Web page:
I found the following quote very interesting:
They never put out a big Master Plan. Let's make a lot of pedestrian space. Let's make a lot of bicycle lanes. Let's take a lot of parking out of the city. Let's narrow all the traffic streets. NEVER! Because if you did that in one plan, you would loose the election right now. Because nobody would believe that it would work.
What they have done in this city (Copenhagen) is that they have taken little steps every year for 40 years. And there is a fantastic difference between what it was then and what it is now.
As we all look forward to the changes in the US transportation balance and a increase in other modes of travel (including bikes, pedestrian, and mass transit), we need to temper our desires for instant radical change. Until people start to see the benefits of a more balanced transportation system, and the benefits of complete streets, it will be difficult for them to believe the truth of many of assertions we so often make. However, we also need to keep the pressure on our elected officials and city planners to start making some changes in these areas to see what works and doesn't work in our cities.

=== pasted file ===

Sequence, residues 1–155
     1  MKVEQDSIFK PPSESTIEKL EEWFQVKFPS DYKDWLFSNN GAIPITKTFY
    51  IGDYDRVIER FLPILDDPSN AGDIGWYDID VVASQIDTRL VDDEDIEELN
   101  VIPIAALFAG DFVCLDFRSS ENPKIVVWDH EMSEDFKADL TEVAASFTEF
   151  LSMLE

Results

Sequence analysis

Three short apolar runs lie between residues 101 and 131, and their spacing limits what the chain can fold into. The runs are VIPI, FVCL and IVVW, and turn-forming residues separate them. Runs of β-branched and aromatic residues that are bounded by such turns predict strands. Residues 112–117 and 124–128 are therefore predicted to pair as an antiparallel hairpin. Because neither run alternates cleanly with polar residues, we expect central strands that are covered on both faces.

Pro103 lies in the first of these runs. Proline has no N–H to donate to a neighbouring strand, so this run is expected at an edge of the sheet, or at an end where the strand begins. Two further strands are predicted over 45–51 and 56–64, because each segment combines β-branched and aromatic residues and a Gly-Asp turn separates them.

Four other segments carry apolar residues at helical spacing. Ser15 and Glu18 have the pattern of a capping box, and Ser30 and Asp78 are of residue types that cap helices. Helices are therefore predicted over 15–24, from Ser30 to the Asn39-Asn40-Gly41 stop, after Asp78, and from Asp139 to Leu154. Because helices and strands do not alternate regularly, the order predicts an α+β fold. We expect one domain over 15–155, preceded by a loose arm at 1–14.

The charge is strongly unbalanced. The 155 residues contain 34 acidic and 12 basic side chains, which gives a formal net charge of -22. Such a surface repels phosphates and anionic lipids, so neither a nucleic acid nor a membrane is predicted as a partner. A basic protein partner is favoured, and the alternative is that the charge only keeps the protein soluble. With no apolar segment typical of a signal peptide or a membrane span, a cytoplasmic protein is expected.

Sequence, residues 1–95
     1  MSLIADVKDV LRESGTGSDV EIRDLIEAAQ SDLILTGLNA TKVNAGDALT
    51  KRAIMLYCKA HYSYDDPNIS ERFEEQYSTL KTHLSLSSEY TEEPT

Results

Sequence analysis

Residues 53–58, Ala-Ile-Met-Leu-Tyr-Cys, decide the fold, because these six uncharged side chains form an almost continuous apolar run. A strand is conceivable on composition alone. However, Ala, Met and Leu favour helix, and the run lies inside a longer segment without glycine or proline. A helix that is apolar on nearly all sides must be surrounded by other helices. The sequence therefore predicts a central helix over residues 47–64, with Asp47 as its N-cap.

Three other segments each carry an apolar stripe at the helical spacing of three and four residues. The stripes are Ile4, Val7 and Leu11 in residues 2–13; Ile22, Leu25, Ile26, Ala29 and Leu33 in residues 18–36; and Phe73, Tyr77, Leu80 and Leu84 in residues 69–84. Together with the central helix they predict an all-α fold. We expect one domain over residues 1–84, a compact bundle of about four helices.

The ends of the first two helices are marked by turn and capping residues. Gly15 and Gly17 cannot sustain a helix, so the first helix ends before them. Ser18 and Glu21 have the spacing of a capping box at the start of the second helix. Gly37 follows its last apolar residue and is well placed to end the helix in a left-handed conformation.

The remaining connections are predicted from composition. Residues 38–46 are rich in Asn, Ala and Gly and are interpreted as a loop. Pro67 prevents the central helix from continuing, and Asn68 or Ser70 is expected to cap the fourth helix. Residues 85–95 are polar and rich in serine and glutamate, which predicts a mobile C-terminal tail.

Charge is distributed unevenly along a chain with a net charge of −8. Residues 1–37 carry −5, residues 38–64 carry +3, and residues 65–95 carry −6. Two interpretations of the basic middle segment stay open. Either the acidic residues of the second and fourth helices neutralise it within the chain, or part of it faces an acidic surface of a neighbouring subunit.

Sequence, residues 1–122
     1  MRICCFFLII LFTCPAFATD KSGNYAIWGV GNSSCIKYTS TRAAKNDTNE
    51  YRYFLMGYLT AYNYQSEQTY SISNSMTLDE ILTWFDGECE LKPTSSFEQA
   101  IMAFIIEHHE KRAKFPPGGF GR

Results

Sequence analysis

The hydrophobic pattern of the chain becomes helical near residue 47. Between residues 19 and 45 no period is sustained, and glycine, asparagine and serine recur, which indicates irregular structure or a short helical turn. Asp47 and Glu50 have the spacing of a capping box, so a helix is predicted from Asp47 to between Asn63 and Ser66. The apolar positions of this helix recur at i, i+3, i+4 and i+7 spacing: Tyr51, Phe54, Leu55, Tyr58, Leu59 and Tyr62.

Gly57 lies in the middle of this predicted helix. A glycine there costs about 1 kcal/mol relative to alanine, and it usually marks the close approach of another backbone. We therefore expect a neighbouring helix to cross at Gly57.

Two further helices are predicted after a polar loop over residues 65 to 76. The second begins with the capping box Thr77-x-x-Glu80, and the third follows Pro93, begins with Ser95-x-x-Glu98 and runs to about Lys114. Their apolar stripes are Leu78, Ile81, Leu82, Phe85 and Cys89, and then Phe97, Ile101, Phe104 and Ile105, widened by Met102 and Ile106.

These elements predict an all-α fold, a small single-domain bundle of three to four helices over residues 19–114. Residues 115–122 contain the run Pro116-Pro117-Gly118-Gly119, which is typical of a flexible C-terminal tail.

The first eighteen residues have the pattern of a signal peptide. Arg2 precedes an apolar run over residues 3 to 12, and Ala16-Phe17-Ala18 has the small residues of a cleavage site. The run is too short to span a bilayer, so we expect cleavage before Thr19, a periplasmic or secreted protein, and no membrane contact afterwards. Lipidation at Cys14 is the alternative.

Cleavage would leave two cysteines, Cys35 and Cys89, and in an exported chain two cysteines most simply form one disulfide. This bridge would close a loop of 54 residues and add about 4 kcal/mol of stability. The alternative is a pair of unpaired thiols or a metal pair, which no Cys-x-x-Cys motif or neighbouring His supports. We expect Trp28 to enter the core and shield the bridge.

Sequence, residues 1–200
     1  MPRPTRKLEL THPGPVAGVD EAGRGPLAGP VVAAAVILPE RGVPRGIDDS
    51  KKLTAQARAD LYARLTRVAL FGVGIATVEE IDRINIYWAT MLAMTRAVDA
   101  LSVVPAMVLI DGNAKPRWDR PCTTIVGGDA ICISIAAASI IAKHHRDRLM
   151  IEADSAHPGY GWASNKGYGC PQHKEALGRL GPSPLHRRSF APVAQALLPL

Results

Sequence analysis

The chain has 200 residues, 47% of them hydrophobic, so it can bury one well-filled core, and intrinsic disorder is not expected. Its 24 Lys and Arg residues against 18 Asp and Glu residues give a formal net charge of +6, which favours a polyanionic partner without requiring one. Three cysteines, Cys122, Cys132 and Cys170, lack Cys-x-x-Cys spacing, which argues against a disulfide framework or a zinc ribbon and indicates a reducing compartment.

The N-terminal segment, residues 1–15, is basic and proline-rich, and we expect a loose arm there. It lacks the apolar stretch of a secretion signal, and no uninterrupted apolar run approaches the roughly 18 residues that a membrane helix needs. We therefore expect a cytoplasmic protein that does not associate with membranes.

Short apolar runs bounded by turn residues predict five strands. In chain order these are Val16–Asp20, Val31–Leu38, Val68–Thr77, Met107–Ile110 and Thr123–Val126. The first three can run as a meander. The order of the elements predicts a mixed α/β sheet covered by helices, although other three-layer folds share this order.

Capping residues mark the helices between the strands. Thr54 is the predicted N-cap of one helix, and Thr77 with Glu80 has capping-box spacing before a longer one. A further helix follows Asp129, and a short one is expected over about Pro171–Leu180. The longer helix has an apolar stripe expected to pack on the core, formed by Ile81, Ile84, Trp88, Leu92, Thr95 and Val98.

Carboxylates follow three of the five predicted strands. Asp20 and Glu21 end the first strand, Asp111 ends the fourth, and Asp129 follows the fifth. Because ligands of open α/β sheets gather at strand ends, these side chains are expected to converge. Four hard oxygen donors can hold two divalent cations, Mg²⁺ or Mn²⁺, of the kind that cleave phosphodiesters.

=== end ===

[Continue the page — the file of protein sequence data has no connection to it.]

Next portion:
UPDATE: We don't want anyone to be confused by the statement above. You can see in the comments that not everyone understood what we were trying to say. We all need to continue working to get the city of Omaha to make changes to the Omaha transportation system that better support bikes and pedestrians. We just don't want anyone to be discouraged by the lack of "instant radical change".